‘American Bipolar’: UO alum’s documentary about treatment of mental illness
Ever since he was a child, Tony Kern, a young blues musician from Camas, Washington treated his bipolar disorder by relying almost entirely on traditional prescription medications. After consistent periods of manic depressive episodes, Kern started losing faith in his medication’s ability to regulate the disorder. “American Bipolar,” a documentary film by University of Oregon alum, Allan Luebke, highlights Kern and his struggle to find effective treatment for bipolar disorder.
Kern is one of an alarming number of Americans who face similar struggles with treating a mental disorder. According to the National Alliance on Mental Illness, one-in-five adults in the U.S. suffers from mental health conditions. But only 41 percent of those individuals received mental health treatment in the past year.
And even those who do receive traditional medical treatment often see little meaningful improvements to their mental state.
“When we first shot the trailer and I met Tony, he did not look like he was in good shape,” Luebke said. “The people around him were getting really worried he might try to take his own life. After that, his mom’s best friend did some research and suggested that Tony get in touch with a naturopath.”
About six months later, when Luebke returned to start filming for the documentary, Kern had started holistically treating his illness. Luebke said he looked and sounded extraordinarily better.
According to Luebke, Kern’s treatment still involved medication, but it arranged every other aspect of his life as part of the treatment too. Kern concentrated on his diet, exercise, personal relationships and hobbies — in his case singing and playing guitar. His focus on leading a balanced life, with medication as just one part of his treatment, made all the difference.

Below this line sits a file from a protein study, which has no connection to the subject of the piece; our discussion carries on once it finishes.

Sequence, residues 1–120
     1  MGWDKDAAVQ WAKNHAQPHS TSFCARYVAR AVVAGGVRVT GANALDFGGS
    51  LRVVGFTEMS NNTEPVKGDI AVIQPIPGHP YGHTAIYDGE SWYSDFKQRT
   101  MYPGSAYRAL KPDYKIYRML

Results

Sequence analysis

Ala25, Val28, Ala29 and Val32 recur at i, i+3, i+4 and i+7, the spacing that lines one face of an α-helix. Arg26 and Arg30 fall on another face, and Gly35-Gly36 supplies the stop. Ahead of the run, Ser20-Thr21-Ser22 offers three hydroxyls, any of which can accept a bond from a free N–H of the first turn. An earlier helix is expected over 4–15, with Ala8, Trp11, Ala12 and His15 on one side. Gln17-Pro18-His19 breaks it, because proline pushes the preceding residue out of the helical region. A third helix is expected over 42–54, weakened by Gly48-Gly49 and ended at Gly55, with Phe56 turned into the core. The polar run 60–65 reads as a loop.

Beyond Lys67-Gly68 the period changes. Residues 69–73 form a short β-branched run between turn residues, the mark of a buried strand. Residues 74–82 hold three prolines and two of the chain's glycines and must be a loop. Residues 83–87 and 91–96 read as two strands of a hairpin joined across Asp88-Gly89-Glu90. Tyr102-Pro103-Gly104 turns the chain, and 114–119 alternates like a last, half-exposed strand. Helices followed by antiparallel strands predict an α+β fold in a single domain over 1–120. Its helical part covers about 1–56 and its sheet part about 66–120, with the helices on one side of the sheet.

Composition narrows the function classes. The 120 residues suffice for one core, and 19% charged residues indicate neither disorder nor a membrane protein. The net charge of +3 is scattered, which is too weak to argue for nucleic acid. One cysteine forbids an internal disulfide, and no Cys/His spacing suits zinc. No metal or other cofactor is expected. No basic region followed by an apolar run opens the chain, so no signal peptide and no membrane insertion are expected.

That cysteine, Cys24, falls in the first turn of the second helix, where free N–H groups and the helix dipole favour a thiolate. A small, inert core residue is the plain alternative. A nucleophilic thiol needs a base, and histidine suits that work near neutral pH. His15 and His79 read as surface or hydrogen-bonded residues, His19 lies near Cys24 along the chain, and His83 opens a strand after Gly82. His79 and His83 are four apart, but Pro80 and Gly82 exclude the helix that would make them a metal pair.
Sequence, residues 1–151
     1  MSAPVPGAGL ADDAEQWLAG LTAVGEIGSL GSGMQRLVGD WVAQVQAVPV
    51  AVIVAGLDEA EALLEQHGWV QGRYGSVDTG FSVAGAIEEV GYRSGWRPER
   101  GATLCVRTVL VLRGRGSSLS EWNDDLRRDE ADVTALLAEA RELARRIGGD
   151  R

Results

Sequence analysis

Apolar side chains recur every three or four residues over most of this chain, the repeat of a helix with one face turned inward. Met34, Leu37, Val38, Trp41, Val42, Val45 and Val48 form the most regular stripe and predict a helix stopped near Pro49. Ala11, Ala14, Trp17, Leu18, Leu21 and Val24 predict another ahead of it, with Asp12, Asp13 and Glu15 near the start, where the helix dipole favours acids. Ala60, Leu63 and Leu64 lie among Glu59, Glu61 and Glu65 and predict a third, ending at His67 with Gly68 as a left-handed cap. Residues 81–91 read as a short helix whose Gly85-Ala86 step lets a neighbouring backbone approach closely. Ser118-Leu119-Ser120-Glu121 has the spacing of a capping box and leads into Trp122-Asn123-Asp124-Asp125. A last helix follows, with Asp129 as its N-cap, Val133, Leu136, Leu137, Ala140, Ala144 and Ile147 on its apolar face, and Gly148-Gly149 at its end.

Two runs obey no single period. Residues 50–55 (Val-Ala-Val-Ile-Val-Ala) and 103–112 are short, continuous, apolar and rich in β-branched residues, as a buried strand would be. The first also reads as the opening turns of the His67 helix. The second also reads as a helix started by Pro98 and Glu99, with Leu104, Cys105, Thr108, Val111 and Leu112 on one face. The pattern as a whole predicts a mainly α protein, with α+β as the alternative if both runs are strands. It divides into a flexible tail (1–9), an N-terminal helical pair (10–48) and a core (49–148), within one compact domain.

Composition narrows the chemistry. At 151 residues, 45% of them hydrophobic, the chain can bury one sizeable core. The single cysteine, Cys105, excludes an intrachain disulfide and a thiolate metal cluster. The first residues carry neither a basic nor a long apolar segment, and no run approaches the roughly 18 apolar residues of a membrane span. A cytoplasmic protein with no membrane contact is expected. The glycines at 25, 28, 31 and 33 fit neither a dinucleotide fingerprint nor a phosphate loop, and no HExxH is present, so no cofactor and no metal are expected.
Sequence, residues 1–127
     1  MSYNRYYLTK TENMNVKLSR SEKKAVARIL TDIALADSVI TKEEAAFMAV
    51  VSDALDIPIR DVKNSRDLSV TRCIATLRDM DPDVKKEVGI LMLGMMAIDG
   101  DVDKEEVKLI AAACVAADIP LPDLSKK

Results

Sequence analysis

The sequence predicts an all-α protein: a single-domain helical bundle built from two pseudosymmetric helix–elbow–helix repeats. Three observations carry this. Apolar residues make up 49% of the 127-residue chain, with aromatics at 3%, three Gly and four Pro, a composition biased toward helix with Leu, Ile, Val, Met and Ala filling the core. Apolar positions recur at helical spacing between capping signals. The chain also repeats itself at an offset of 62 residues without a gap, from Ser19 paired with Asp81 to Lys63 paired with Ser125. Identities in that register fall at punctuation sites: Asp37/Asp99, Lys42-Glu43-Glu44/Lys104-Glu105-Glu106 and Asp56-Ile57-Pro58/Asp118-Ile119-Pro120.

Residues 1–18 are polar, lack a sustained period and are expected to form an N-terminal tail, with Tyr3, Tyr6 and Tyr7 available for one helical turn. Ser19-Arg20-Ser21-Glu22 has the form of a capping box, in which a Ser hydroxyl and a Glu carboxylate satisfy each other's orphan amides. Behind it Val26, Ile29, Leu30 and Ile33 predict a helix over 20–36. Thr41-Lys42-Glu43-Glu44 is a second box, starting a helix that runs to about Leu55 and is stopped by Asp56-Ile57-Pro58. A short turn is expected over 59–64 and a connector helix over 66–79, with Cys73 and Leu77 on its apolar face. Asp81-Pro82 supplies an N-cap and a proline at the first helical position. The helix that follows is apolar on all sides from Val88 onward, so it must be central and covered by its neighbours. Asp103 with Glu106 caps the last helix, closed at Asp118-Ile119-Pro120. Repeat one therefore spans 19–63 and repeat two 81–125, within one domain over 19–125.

“Our society demands quick fixes,” Luebke said. “We assume all health problems have an equivocal pharmaceutical solution when that’s almost never the case. For a lot of people like Tony, the heavy emphasis on traditional medications just doesn’t work.”
Luebke wants to raise awareness about mental health and destigmatize the loaded term “holistic medicine.” “People think it’s about magic crystals when it really just acknowledges that every aspect of our lives impacts our mental health,” Luebke said.
Luebke said his primary duty as a filmmaker is to help people tell stories that could help others.
At this point, production of the film has stalled. Luebke and his colleagues are independently producing the film, making it hard to secure enough funding to continue filming and editing the documentary. Luebke initially went to mental health organizations in search of support, but their nonprofit status prevented them from donating.
“Now we’re trying to raise money with the grassroots method and it’s been tough,” Luebke said. “We really just need people to share content about the film with their friends and family and on social media so that it gains enough traction for us to finish and put it out there. It will help people learn about an issue all communities need to address”
Luebke is hoping to have the documentary out by this summer. People can donate to the film’s production at www.indiegogo.com.
Do you appreciate independent student journalism? Emerald Media Group is a non-profit organization. Please consider a donation to support our mission.